Maybe it’s a national tradition of a long hours culture, maybe it’s our seemingly ingrained dislike of ‘shirkers’, but ‘part-timers’ is one of the more damning verdicts I’ve heard casually passed in many of the organisations I’ve worked in. But will changes in our working culture make that far less of a put-down and much more a case of ‘Just saying …’? The Daily Telegraph, reporting on the latest ONS figures last week, revealed that the total number of us in part-time work increased by 26,000 to reach 7.96m – more than a quarter of the working population. And it is estimated that 1.16m of those are people actively seeking full-time work but ‘settling’ for something less (the highest figure for people in this category since records started in 1992). As Ian Brinley of The Work Foundation commented at the start of 2010:
The overall stability is deceptive in terms of the hours of work on offer. The number of people in full-time work is still going down, offset by more part-time jobs. The competition for such jobs is intense. There are now one million people working part-time who really want full-time work – up nearly 40 per cent compared with the same three months a year ago.”
These are striking figures that have been subjected to much commentary in terms of the economy and our national prospects. But apart from the financial impact – part-time workers naturally earn less, and are statistically also twice as likely to receive less than the minimum wage – there has been little commentary on other. more subtle impacts.
One is hidden in the statistics, as revealed in a CIPD Report released this August, Working Hours in the Recession:
The recession has resulted in both a fall in total employment (down by a net 580,000, 2%, in the two years to spring 2010) and a shift from full-time employment (which has fallen by 910,000, 4.1%) to part-time employment (which has increased by 330,000, 4.4%) – the shift to some extent due to many people working shorter hours to help their employers cut labour costs and thereby minimise redundancies. Some of the shift to part-time employment has thus been involuntary in the sense that a rising number and proportion of part-time workers are working part-time because they are unable to find a full-time job. The number of people in this latter situation increased by 400,000 to just over 1 million (14% of all those in part-time employment) between spring 2008 and spring 2010.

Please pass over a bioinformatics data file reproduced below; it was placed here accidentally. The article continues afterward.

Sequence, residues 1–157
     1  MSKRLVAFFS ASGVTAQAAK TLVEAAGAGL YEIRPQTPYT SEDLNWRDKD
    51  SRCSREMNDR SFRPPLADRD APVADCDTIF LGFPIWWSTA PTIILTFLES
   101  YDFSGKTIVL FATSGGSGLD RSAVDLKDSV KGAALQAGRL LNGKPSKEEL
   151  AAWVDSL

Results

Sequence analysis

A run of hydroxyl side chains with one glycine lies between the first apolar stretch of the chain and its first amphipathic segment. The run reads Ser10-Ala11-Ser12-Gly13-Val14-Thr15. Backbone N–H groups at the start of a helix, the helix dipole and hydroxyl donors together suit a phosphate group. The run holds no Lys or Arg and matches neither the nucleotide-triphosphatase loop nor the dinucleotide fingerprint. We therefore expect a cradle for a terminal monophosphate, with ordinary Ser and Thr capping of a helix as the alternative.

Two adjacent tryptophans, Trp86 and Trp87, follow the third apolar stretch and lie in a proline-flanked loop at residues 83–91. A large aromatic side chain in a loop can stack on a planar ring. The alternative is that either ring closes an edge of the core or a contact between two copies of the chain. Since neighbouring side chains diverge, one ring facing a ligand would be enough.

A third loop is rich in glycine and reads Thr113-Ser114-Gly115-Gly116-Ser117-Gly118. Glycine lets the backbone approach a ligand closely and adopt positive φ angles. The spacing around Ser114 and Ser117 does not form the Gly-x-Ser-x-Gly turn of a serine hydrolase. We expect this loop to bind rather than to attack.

The combined impact of these changes is a net fall of 32.7 million (3.5%) in the number of hours worked each week in the UK (Table 1). Men account for well over four-fifths of the fall, mainly reflecting the relatively high concentration of men in full-time employment and their preponderance in those parts of the private sector, notably manufacturing, hardest hit by the recession.”
Another impact by the rise in part-time working was identified by economist Gavyn Davies, writing for the FT in August 2010 about ‘The (part time) German jobs miracle’:
In addition, and probably more importantly in the past two years, the Merkel government has worked hard to boost part time (or short time) work during the recession, through a programme of subsidies, exhortation to employers, influence on wage bargains, and other measures. As a result, Germany has become the world leader in part time employment, and in many industries, part timers now account for over a quarter of the total workforce.
This is a two-edged sword. It has certainly spread the cost of the recession much more widely across the population, rather than allowing it to be concentrated on the relatively few who become unemployed. This contrasts sharply with the US, where firms have been particularly eager to cut total jobs during this recession. But it has also greatly depressed the growth of labour productivity. In 2009 alone, GDP per employed person fell by a remarkable 4.9 per cent in Germany, while it rose by 1.8 per cent in the US. And it may have damaged the long term performance of the economy, by locking people into jobs which have become obsolete.”